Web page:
Shohozan vs Takagenji – Takagenji may be a write-off for Aki, if for no other reason than his off-dohyo world is a huge distraction. I am going to predict that Shohozan will probably pick him off today.

Azumaryu vs Daishoho – Veteran Azumaryu has a 1-3 record against Daishoho. But Daishoho only got his first win yesterday, and is fighting very poorly. I hate to label this another “battle of the broken toys”, but that does cross my mind.

Nishikigi vs Enho – I think Enho is hungry to stay in the yusho hunt, and he’s is going to take advantage of Nishikigi’s relatively slow sumo to tie him up and drop him.

Yutakayama vs Kotoyuki – Will we get the “out for fun” Kotoyuki today, or the “I am going to make you eat my mawashi” one? The big question for Yutakayama at the mid-point of Aki is: how is that knee holding up?

Okinoumi vs Onosho – Ok, Okinoumi is undefeated, and they are continuing to bottom-feed him. I don’t blame either rikishi, but as an Onosho fan, I have to say that he’s not quite the “red menace” he has been in the past. How about Ryuden instead? Or Abi? Or even Endo? I guess that is reserved for next week.

Kotoshogiku vs Sadanoumi – Both are going to want to grapple on this match, and I think it will come down to belt or armpit hold. If Kotoshogiku can get the mawashi, we all know what comes next. So possibly Sadanoumi aims high. Kotoshogiku aims low.

Meisei vs Kotoeko – After a cold start, Kotoeko has won 3 of the last 4, and I think he will possibly take Meisei out of the pack that is one behind Okinoumi.

Shimanoumi vs Terutsuyoshi – Both rikishi are 2-5, both are in dire need of wins, and both have been struggling daily during September. Terutsuyoshi has a 4-2 advantage over Shimanoumi, but right now neither of them is fighting anywhere near their normal level of intensity.

Takarafuji vs Myogiryu – These two have an 18 bout career history, so I think the 13-5 lead that Myogiryu holds might be an indicator.

Daieisho vs Ryuden – I had thought going in that at Maegashira 5, Ryuden would be at a comfortable rank. But he has not been able to produce wins. Daieisho is not doing much better, but has intensity on his side.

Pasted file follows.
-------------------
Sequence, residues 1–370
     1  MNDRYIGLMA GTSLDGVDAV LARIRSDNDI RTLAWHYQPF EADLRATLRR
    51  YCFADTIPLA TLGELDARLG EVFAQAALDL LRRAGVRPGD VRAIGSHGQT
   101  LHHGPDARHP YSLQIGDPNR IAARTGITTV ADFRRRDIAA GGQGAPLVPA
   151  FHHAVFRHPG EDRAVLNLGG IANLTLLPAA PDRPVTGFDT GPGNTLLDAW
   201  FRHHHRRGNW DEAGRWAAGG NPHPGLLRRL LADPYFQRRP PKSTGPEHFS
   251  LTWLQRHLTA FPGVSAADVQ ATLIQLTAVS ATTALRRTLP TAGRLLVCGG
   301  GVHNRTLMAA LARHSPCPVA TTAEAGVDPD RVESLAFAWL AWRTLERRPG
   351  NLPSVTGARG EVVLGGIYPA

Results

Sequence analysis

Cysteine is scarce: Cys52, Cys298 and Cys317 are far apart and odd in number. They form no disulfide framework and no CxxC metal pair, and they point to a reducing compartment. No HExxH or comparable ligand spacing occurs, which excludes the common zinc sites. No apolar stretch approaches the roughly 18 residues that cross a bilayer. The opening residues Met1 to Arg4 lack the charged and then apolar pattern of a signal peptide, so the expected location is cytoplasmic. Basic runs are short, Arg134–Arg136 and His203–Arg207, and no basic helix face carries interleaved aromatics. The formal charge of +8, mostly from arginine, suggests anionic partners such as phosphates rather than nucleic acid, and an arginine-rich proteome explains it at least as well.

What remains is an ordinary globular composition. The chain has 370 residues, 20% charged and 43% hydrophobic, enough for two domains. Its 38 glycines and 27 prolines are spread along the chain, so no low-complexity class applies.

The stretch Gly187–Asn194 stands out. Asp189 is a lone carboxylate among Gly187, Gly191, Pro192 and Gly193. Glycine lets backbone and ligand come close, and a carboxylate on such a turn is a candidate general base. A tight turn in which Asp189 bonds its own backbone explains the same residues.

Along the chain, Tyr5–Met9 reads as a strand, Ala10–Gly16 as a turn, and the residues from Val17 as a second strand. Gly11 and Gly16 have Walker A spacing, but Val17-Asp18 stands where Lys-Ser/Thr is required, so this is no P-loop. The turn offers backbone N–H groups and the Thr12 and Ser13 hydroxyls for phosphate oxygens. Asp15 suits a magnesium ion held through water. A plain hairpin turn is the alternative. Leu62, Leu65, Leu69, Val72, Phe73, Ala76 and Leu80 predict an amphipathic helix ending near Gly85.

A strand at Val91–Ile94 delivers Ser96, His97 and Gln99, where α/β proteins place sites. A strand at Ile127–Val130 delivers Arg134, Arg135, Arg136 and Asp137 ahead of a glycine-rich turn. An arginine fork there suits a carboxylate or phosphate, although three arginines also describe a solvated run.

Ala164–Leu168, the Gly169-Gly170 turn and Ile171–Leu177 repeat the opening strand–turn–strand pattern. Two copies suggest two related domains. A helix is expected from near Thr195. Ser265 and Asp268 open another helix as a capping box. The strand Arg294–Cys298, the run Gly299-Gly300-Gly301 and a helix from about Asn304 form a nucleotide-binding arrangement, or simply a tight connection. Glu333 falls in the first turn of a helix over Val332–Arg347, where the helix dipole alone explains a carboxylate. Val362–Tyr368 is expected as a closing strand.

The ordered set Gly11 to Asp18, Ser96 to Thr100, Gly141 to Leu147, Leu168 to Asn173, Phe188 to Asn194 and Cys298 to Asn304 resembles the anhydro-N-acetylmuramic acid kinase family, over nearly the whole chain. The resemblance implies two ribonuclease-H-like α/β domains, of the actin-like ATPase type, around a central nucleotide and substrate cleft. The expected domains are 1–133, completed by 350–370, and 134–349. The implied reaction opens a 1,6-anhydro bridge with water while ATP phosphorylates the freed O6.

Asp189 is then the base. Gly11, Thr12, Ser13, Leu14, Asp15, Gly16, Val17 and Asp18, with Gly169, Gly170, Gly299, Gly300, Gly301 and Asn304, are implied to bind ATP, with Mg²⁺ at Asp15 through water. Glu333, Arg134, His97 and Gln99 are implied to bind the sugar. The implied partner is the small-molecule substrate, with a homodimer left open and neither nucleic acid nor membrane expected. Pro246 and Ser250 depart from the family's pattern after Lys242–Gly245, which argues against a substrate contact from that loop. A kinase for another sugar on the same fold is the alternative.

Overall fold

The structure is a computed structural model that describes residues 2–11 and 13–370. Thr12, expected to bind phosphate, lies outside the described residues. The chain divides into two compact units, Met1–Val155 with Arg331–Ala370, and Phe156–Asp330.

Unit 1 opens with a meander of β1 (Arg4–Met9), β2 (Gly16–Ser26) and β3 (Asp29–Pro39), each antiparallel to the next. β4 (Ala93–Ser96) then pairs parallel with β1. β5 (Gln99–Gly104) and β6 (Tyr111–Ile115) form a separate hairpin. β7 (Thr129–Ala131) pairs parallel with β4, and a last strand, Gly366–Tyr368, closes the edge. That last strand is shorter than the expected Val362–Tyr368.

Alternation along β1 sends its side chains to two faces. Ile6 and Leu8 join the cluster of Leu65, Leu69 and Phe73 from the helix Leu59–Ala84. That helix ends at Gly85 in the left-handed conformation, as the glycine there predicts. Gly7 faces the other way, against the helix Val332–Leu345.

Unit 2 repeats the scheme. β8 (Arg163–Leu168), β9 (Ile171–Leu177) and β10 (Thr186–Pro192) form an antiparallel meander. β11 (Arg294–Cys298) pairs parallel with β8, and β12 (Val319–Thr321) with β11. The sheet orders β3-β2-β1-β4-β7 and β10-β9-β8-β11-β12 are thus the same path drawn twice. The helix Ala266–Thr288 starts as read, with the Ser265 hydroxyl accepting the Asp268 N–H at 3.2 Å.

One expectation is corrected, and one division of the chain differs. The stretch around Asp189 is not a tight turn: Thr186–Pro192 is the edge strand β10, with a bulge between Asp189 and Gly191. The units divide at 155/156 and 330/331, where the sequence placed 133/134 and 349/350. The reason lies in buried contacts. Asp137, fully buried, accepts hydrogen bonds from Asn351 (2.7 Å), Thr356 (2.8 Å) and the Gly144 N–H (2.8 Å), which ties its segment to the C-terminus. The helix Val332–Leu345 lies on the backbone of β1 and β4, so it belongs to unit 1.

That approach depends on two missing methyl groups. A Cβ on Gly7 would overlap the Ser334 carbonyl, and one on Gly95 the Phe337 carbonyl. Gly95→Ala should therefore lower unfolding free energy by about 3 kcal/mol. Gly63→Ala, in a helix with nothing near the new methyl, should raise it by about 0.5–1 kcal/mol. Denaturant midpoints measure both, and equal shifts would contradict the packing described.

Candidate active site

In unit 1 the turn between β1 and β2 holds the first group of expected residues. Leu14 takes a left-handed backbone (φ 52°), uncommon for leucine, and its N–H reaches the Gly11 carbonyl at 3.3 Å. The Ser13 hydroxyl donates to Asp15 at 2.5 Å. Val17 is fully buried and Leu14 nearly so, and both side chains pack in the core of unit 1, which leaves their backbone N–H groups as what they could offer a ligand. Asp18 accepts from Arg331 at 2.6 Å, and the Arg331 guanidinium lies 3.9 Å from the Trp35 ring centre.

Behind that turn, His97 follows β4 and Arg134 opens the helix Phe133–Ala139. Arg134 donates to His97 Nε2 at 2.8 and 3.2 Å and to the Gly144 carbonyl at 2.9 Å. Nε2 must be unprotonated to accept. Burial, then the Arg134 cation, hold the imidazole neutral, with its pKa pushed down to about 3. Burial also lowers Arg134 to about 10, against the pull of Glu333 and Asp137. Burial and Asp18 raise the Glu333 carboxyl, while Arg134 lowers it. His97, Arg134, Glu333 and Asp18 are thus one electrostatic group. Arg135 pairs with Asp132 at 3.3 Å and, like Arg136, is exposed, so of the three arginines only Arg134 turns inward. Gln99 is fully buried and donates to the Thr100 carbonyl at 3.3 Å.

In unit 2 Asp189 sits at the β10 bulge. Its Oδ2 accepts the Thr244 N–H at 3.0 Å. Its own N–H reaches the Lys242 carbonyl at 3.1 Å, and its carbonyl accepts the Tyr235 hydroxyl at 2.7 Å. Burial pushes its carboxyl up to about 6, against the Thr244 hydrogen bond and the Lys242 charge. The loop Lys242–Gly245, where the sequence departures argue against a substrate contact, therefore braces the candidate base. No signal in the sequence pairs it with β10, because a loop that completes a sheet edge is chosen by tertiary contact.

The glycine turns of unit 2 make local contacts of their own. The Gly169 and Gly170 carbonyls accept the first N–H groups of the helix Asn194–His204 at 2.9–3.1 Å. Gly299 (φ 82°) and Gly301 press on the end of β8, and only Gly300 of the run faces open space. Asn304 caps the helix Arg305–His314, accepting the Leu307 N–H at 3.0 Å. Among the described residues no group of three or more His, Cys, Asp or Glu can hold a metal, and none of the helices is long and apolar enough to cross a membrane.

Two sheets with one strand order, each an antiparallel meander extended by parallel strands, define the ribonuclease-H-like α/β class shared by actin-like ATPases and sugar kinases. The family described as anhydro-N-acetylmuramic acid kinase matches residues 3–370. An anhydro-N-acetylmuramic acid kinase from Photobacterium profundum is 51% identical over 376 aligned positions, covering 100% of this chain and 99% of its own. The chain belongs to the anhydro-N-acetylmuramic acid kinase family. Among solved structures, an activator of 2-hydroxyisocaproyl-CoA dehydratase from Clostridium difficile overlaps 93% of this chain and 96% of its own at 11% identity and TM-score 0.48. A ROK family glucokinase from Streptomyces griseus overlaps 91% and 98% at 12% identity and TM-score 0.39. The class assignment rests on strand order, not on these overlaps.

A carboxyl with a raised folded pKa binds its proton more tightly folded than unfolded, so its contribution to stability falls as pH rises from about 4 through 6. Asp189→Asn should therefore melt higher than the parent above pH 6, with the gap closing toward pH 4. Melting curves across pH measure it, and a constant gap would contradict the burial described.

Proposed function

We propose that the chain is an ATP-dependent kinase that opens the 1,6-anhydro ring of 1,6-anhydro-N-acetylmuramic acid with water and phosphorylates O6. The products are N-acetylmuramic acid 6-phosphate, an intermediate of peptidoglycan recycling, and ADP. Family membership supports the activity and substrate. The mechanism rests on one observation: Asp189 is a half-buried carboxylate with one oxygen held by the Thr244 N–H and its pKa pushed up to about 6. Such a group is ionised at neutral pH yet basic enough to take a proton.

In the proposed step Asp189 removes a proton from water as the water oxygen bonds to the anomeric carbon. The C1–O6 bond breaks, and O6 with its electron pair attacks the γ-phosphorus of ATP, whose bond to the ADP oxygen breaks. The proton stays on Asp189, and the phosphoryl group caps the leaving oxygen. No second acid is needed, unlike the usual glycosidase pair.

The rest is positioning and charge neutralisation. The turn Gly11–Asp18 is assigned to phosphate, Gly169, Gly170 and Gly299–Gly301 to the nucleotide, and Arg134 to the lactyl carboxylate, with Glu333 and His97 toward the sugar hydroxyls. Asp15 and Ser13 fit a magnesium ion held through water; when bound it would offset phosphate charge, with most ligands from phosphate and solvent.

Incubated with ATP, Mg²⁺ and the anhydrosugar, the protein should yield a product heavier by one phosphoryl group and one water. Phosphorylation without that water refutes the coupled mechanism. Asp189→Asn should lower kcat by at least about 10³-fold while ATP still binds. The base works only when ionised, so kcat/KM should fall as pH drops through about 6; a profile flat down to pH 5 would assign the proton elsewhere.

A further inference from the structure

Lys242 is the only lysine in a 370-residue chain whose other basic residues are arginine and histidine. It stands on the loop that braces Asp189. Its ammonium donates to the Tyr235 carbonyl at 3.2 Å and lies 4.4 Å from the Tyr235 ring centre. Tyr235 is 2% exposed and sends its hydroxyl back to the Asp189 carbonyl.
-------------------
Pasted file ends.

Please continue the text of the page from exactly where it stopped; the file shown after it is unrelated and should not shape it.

Asanoyama vs Aoiyama – Can we please see more Aoiyama V-Twin thrusting attack again? It’s much more compelling than the pulling nonsense he has used most of Aki. Asanoyama is going to want to get that left hand outside grip at the tachiai again, and Aoiyama is going to try to give him a big meaty palm to the face.

Abi vs Hokutofuji – The matches between these two are pretty ugly. You have Hokutofuji wanting to go for the nodowa, and Abi doing the double-arm shoulder thrusts. The result is usually a traffic jam of hands and elbows that can get jumbled up. Abi is fighting better right now, but continues to put his balance further forward than is prudent at times.

Chiyotairyu vs Endo – Readers know that I am usually not a fan of henkas, but I am hoping Endo does the sumo world a favor and lets Chiyotairyu get a face full of salt and clay.

Mitakeumi vs Takakeisho – To me this is “the” bout today. With the yusho race some sort of circus, Tochinoshin looking at Ozeki doom, the real story line left to play out is can Takakeisho make his 10 and return to Ozeki. I think this match is possibly the decider in that run, and Takakeisho holds a 4-7 career deficit. A note to readers, we have still not seen the “wave action tsuppari” attack. Time to bring out the primary weapon, tadpole.

Tomokaze vs Goeido – First time meeting, and I would love to see Goeido continue his “3 seconds and your are finished” sumo form. Congrats to Tomokaze for his kinboshi and all that, but his sumo has been cheap and sloppy for most of the basho. I only point this out because we have seen his “good” form (Nagoya) and we know what he is capable of.

Tochinoshin vs Shodai – Is this the saddest match in all of day 8? Both are 2-5, Tochinoshin is too hurt to fight, and I am going to guess Shodai may be highly demoralized at this point. As I sometime do, I suggest these two skip the dohyo and go to Popeye in Sumida for a LOT of beer instead.

Kakuryu vs Tamawashi – I am still sticking to the idea that Big K is hurt, but trying to hang tough for the fans. If Tamawashi up-ends him, it may be the signal it’s time to go kyujo.

Aki Day 7 Preview

Welcome to the middle weekend! For this basho it is clearly a time when the doors will come flying off of this basho, as we once again are riding the bucking beast of the “Wacky Aki”. How crazy might it get? Lets look at some potentials

  • Kakuryu is injured, pulls out and we are left with a “nokazuna Aki” – Well, given that Big K is not looking genki, he may in fact be hurt. This would open things up wide for yet another lower ranked yusho winner. Although I do like how Asanoyama is looking right now